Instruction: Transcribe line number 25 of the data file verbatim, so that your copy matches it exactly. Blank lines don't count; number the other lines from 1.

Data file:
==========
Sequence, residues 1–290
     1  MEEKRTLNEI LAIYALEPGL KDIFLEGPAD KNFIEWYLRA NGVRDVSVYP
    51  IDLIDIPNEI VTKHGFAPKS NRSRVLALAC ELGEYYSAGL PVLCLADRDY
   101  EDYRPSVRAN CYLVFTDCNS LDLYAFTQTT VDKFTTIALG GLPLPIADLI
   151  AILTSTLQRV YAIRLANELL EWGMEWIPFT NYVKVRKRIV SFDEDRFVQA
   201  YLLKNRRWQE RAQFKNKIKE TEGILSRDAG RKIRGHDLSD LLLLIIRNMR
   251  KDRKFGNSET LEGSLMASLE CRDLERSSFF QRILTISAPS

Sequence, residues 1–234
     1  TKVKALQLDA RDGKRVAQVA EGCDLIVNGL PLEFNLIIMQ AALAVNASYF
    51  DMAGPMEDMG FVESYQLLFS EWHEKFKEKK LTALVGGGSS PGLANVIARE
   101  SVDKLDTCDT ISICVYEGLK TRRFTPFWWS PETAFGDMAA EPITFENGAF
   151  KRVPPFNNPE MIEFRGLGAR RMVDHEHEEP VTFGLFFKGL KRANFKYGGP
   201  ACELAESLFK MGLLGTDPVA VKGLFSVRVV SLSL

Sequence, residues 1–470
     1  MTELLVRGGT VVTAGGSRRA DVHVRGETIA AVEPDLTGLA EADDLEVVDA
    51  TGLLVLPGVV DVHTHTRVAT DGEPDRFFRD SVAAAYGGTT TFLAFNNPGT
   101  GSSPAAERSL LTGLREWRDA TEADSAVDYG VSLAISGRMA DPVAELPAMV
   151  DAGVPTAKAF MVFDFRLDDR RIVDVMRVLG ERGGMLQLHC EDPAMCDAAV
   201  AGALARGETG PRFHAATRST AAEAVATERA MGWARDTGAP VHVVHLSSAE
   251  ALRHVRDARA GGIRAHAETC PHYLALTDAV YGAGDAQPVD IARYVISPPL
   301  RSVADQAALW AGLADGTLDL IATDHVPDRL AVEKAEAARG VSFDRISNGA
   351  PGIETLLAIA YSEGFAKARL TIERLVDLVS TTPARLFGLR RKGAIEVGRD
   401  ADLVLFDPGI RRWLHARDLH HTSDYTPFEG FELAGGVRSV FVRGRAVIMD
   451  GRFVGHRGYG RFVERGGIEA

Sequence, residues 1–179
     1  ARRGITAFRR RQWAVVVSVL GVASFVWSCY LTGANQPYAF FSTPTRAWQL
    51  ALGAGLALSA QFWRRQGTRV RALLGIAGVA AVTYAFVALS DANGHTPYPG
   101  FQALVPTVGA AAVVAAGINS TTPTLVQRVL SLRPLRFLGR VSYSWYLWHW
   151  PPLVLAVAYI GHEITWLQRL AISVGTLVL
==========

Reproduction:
Sequence, residues 1–179